His drug and alcohol-fuelled antics made world headlines and engulfed a city in unprecedented controversy. Toronto mayor Rob Ford's personal and political troubles have occupied centre stage in North America's fourth-largest city since news broke that drug dealers were selling a videotape of Ford appearing to smoke crack cocaine. Toronto Star reporter Robyn Doolittle was one of three journalists to view the video and report on its contents in May 2013. Her dogged pursuit of the story has uncovered disturbing details about the mayor's past, and embroiled the Toronto police, city councillors, and ordinary citizens in a raucous debate about the future of the city. Even before those explosive events, Ford was a divisive figure. A populist and successful city counillor, he was an underdog to become mayor in 2010. His politics and mercurial nature have split the amalgamated city in two. But there is far more to the story. The Ford family has a long, unhappy history of substance abuse and criminal behaviour. Despite their troubles, they are also one of the most ambitious families in Canada. Those close to the Fords say they often compare themselves to the Kennedys and believe they were born to lead. Doolittle says that regardless of whether the mayor survives the current crack-cocaine scandal, the Ford name will be on the ballot in the mayoralty election in 2014.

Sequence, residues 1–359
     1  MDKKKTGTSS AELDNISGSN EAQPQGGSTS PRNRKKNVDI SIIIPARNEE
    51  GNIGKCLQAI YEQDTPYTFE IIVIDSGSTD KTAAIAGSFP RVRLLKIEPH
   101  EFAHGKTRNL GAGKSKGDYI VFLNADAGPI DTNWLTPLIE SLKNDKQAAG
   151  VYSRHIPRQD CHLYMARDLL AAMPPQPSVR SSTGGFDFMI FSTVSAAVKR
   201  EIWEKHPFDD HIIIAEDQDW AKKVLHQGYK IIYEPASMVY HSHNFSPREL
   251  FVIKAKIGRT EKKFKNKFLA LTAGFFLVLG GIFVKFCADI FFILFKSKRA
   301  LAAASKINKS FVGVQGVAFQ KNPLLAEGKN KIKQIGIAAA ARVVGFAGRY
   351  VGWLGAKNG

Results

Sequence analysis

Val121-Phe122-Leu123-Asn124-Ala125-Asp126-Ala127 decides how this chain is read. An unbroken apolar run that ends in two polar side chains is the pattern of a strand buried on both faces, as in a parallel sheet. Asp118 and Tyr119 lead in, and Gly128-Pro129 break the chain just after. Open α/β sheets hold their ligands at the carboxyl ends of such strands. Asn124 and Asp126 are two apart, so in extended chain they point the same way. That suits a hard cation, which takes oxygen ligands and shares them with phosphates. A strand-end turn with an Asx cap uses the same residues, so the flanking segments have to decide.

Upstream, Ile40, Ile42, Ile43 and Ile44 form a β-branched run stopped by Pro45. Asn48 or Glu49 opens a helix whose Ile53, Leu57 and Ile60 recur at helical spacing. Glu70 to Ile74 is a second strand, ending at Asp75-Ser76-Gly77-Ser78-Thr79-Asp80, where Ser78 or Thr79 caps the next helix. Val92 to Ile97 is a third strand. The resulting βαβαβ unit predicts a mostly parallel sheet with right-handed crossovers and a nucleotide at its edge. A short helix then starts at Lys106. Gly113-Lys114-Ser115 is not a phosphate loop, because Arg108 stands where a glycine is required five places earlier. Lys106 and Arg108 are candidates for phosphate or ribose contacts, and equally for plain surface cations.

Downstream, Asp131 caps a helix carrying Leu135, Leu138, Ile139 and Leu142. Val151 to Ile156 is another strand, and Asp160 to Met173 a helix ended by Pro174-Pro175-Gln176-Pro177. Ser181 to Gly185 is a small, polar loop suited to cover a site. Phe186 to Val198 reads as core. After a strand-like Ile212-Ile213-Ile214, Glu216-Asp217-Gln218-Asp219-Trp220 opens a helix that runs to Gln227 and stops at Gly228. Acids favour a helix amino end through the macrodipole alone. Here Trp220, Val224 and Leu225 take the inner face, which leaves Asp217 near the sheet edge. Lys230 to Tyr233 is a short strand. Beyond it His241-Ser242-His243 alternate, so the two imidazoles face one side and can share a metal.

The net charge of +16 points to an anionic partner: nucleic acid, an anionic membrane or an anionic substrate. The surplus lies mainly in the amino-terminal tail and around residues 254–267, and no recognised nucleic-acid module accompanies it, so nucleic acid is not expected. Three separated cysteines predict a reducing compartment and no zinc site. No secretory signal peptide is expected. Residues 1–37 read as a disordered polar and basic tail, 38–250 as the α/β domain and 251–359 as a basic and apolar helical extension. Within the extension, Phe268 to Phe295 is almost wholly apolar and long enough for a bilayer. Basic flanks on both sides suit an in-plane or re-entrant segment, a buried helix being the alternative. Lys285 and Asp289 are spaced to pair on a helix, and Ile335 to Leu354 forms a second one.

Robyn Doolittle is a city hall reporter with the Toronto Star. She began her career covering crime and moved to the municipal politics beat during the 2010 mayoral elections. A graduate of Ryerson University's journalism school, Doolittle has lived in Toronto since 2002.